Puritan Work-Ethic, How I Loathe Thee
Most video games are a rip-off.
Nearly every video game since "tank pong" has buried its best content behind layers of work. Unlike any other retail product I can think of, when you buy a video game, the chances that you will actually get what you paid for are infinitesimal. I can't think of a single game I've played where I am confident that I've seen every single level; unveiled every coveted secret; unlocked every whatsit and pretty and soundtrack left like kipple by the designers in the dark corners of the code.
I bought it. I want my game.
When I buy a book, the only thing that stands in the way of completing it is the page count. And I know the page count going in. I can read the last chapter standing in the bookstore. If I find Chapter 56 too cumbersome, I can skip it entirely and move on to the better parts of Moby Dick (there are better parts, trust me).
Sometime about 10 years ago, we started measuring video games in terms of "hours". A game that gave you 5 hours of gameplay was somehow a ripoff. A game that proffered 100 was some kind of opus. But the reality is that most gamers play a small fraction of even those 5 hours. Let's face it, a lot of games suck. I buy the game. I play it for an hour or two. I see the pretty. I hear the boom. I go "cool" at the twist or the plot or the theme that made me want to buy it in the first place. Then back it goes into the GameSpot "used" bin.
Some genres are bigger offenders, bigger overall ripoffs, than others.
From Doom to Halo, first person shooters have propagated the evil concept of levels. I'm playing level 12. Level 12 sucks. I suck. I've killed random demon #212 and I'm 5 minutes past the last save point. But I have to get through level 12 to play level 13 where the giant pretty monster of death awaits, and that's supposed to be the coolest thing ever. Excuse me, I bought the game. I'd like to go directly to the pretty monster of death.
Zelda, Oblivion, and all the role playing games in-between take this curse of Calvinist suffering and at least attempt to justify it through story. If I want to meet the Grey Fox I've got some thieving to do first. These games are marginally more palatable and feel like less of a ripoff, because at least the barriers to the content are logical. But as a capitalist consumer, they still keep me from getting what I paid for without an additional investment of hours and hours of time.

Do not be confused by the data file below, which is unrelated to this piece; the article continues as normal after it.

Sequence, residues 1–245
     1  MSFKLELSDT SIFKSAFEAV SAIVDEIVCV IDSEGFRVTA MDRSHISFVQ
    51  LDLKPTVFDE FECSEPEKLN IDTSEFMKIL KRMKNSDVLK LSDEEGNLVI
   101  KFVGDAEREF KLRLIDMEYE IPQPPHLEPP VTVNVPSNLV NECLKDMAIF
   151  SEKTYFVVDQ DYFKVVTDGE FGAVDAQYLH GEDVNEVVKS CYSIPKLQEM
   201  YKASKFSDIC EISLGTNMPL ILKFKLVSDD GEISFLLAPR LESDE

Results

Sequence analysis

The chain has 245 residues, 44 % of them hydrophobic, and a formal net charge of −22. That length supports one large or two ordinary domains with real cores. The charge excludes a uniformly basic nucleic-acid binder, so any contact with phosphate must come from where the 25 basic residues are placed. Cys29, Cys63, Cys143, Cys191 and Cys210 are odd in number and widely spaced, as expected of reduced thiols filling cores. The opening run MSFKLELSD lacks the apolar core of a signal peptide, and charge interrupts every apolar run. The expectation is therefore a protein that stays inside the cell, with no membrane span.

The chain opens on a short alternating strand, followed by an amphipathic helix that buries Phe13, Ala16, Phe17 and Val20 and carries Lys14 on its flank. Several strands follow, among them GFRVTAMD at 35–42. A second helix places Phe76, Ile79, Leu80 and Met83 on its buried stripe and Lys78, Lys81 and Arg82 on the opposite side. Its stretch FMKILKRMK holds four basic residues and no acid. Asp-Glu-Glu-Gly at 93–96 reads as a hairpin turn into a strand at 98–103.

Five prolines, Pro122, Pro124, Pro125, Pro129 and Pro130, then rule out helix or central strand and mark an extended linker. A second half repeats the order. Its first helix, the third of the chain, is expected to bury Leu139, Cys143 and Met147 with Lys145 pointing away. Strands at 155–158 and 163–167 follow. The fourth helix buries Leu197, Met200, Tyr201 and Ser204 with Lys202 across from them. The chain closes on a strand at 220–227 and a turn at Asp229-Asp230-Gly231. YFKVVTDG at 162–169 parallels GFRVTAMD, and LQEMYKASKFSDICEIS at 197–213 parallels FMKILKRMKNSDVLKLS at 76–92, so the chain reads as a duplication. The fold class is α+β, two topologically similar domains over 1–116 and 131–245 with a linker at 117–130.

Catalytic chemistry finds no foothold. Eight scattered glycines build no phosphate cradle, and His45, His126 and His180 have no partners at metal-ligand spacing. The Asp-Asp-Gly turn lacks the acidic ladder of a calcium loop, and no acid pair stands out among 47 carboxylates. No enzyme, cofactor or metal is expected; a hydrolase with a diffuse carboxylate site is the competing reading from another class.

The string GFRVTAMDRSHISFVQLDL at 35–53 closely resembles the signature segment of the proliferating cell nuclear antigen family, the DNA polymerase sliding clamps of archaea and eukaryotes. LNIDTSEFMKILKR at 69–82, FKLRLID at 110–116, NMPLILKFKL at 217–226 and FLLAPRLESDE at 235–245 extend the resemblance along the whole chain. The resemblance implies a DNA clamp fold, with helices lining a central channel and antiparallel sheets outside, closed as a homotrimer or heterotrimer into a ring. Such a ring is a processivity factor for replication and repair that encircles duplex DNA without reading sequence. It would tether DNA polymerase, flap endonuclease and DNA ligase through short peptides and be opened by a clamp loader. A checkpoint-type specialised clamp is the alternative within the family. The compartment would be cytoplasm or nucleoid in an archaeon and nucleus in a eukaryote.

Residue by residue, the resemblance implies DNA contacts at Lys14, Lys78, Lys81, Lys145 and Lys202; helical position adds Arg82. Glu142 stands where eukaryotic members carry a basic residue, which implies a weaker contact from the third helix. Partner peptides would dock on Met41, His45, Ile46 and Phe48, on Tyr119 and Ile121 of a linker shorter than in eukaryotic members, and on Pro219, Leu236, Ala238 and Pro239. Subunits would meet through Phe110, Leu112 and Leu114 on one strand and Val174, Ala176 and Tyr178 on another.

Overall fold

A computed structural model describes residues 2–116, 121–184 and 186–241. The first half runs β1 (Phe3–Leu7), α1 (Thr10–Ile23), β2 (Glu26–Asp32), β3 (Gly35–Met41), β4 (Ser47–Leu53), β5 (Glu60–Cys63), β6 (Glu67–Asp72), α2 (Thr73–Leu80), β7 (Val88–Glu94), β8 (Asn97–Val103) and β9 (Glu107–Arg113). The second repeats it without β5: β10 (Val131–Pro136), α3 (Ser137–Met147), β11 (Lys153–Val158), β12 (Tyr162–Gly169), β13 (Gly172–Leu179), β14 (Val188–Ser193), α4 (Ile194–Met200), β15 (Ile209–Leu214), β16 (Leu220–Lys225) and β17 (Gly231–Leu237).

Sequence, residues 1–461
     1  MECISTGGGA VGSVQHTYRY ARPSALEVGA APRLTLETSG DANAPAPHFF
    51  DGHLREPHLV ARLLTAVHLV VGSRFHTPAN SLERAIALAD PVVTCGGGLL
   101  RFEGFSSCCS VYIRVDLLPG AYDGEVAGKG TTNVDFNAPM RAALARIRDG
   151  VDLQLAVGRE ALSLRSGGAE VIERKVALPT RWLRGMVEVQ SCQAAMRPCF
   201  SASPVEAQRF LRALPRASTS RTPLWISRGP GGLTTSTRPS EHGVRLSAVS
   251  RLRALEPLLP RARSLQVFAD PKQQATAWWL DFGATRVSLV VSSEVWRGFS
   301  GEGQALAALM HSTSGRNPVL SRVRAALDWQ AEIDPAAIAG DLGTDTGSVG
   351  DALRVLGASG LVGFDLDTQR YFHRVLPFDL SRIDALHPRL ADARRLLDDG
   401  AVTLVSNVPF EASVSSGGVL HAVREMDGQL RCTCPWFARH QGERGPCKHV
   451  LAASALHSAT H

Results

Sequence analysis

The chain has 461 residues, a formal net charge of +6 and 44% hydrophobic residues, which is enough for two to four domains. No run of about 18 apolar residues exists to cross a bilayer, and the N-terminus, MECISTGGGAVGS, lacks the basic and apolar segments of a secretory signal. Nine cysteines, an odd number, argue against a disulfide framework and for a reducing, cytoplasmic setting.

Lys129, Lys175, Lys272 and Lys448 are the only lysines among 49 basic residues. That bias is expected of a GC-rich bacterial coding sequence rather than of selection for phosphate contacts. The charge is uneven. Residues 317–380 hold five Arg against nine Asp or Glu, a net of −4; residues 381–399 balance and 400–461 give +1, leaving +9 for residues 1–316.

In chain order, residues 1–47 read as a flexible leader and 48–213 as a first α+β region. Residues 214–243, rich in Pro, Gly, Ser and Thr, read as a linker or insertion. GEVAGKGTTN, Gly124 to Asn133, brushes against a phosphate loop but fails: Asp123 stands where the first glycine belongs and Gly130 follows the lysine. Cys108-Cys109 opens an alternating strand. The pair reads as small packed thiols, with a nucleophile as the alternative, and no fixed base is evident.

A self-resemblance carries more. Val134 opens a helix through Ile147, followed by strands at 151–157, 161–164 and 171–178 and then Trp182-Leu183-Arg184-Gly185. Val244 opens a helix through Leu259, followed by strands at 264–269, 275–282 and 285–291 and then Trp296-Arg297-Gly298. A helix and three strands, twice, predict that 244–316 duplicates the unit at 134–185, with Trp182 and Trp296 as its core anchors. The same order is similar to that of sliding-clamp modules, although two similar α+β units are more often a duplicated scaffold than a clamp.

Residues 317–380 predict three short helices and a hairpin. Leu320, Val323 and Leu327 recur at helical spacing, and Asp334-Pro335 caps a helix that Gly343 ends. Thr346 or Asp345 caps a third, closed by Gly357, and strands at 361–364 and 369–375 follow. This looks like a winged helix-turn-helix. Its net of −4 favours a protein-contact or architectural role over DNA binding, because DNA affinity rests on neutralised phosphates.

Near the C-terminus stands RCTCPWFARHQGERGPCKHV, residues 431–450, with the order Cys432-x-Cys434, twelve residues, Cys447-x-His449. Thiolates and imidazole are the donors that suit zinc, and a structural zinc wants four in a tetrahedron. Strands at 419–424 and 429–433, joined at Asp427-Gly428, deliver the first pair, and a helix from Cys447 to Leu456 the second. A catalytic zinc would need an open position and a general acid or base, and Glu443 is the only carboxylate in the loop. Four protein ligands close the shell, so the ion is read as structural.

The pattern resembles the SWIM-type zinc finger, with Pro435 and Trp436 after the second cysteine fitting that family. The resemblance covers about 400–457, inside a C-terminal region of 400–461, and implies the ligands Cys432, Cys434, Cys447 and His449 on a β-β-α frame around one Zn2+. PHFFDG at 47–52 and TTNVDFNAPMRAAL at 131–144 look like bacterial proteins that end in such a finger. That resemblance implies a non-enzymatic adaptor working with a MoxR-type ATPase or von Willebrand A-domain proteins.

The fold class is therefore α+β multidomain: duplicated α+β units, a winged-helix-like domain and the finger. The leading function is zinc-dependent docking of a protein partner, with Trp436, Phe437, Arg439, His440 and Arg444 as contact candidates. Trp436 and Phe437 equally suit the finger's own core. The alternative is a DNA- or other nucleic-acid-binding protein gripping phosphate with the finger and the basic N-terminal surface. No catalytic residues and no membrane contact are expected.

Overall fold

But by far the worst offenders are MMORPGs. Oh how the hours have drained from my life as I've made cloth caps or shot rabbits solely to get to the shiny I've ostensibly already paid for with my $14.95. Even highly refined and otherwise excellent games like World of Warcraft, or more recently Guild Wars: Factions, suffer from this curse. Hey, at least with the offline offenders I can spend half an hour with my friend Google to find a magic "cheat" that gives me the hollow satisfaction of sneaking out what I paid for in the first place.
I play games to escape. To go somewhere else. But our industry has so ingrained this concept of "earning" our fun that the best is somehow always saved for last. Like modern day Puritans, we've convinced ourselves that we are not worthy of that for which we've already paid. Sinners in the hands of an angry god, we don't deserve our fun until we pay in blood.
But verily I say unto you all is not lost. I think we might--just might--be in the midst of a rebellion. Increasingly, developers realize that to be successful they must treat the consumer with respect. Most FPS titles are now designed for content-leveling multiplayer from the ground up, or at least contain enough plot and story that they break the "level" mentality. Even Battlefield 2 with its unlocks doesn't systematically leave the casual player subject to the eternal boot-licking scorn of the cheese-eating high school student. The Grand Theft Auto series, while maintaining some traditional story-based barriers, is popular precisely for the sense of freedom it evokes. There's still content below the surface, but you feel like you can go find it if you want it.
Real Time Strategy games, which are often conceived entirely as competitive multiplayer experiences, have dropped their content barriers as well. A few hours with a modern RTS title and most players will have seen the full spectrum of what the game has to offer, and can focus on (heaven forfend) actually playing the game. Sims (all kinds) break the very mold of the problem. In Microsoft Flight Simulator 2004: A Century of Flight (FS9), you can fly any plane, from any location in the world, at any time, in any conditions. All that stands in your way is your own competence. Sandbox games like Spore (we hope!) and Second Life replace the very concept of levels with building and evolution--violent and competitive evolution occasionally--but not illogical puritan denial.
Perhaps this curse of puritan work-ethic is easy to understand. Games are supposed to be challenging. When the opponent is simply a machine, there needs to be some reason to keep playing, a goal. The only coin the game can offer is what it can hide in the bits and bytes of the game itself.
But you know what? Real life is hard enough. Give me back my game.